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The exit node will not know your address. The principle is that every server only knows the address of the previous and the next host but never the whole path. There are three steps between your TOR browser and the webserver:

  • Entry-Node (Knows your address and relay nodes address)
  • Relay-Node (knows entry-node and exit-node address)
  • Exit-Node (knows address of relay-node and webserver)

The packet you send is traveling this chain and the answer is travelling the same chain backwards. When you use HTTPS none of that TOR servers will ever know the content of packages sent/received. What they all do is adding encryption on top of your connecten even if it is already encrypted using SSL.

// Like in NAT the TOR-Nodes will replace the Source address of the IP-Packet with their own Adresse. The packets are then encrypted between the nodes. The only node that knows your address is the entry node which stores this information in the memory and will or should at least never store it permanently .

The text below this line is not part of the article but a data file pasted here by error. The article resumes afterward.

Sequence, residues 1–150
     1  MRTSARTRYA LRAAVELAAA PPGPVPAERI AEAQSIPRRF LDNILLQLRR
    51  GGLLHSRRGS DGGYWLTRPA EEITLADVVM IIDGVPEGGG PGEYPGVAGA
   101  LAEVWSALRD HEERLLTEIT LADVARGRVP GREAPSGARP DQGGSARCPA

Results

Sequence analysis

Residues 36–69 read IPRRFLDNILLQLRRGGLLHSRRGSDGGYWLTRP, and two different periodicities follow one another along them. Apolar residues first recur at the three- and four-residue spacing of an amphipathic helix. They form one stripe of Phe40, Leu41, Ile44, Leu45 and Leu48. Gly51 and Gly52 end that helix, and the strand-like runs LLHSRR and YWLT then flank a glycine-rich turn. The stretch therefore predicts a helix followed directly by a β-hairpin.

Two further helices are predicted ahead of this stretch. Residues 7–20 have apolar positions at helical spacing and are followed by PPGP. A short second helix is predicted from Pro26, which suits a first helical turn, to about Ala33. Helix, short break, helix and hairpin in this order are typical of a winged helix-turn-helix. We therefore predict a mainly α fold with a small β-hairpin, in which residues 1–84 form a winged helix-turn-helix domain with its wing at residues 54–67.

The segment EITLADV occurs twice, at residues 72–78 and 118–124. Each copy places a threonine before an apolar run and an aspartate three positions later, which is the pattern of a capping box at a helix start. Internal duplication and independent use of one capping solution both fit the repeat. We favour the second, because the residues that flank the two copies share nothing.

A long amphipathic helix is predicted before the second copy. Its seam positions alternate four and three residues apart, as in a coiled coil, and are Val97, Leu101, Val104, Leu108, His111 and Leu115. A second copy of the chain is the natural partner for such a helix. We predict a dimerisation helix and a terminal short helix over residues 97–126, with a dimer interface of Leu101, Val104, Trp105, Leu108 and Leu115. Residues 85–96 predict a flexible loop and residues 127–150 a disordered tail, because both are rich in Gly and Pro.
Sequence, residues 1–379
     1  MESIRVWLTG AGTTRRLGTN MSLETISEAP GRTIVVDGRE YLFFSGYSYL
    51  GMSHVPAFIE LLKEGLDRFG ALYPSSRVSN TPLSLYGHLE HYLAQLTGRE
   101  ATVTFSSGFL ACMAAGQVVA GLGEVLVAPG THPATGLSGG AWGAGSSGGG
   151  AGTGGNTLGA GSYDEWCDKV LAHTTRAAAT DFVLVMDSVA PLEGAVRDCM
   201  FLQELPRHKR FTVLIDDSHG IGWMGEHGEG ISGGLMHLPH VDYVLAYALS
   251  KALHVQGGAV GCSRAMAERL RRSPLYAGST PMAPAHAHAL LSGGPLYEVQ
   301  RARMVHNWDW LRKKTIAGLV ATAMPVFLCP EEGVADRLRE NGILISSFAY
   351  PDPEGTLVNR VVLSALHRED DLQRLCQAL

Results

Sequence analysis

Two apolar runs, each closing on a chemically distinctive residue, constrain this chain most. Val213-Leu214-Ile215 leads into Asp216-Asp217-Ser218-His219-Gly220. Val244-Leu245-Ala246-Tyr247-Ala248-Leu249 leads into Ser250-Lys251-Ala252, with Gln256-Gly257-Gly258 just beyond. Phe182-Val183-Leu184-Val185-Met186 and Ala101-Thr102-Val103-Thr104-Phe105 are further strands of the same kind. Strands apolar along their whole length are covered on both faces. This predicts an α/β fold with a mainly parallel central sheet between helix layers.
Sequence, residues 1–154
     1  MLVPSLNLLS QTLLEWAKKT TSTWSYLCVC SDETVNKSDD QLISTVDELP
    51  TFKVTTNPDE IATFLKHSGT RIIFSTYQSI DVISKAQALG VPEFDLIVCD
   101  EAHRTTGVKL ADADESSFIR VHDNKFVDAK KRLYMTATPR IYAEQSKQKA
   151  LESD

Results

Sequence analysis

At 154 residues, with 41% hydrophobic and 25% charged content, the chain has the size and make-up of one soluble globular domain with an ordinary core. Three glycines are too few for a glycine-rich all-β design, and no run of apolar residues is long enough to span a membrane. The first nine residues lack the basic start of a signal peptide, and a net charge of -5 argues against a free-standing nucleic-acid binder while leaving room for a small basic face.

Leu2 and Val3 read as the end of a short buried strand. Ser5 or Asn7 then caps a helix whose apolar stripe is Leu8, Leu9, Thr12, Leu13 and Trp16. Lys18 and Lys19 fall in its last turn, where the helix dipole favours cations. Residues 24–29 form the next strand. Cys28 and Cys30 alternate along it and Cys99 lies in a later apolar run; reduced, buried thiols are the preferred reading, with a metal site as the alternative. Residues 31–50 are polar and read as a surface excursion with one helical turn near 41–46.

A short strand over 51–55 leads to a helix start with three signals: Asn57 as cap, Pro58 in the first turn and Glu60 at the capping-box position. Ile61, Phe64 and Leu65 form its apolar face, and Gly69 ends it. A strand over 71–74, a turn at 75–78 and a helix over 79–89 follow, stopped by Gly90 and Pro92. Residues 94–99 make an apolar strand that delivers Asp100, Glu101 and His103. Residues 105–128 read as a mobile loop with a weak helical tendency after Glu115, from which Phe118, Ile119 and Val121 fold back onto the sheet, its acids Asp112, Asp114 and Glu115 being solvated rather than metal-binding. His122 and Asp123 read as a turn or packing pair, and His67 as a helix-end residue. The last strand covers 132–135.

• Thanke you and yes, I know about that. Please read the conversation with Philipp above. I tried more clearing the question. – ttvd94 Jan 27 '16 at 5:25
  • What happens to the main data (the packet that has my IP address and gets three times encryption)? Since it's only the exit node which could see and change the source address in it. – ttvd94 Jan 28 '16 at 22:24
  • The payload gets encrypted and forwarded not the metadata - which includes your ip address. Your IP-Adtess is in no way part of the packet that reaches the exit node! – davidb Jan 29 '16 at 0:25
  • so how the exit node knows the address of the server that the packet should be delivered to? Shouldn't it have the metadata? – ttvd94 Feb 1 '16 at 7:23
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    The request contains the destination of the packet but not your IP-Address. Like I wrote: In this regard it acts like a NAT router! – davidb Feb 1 '16 at 8:16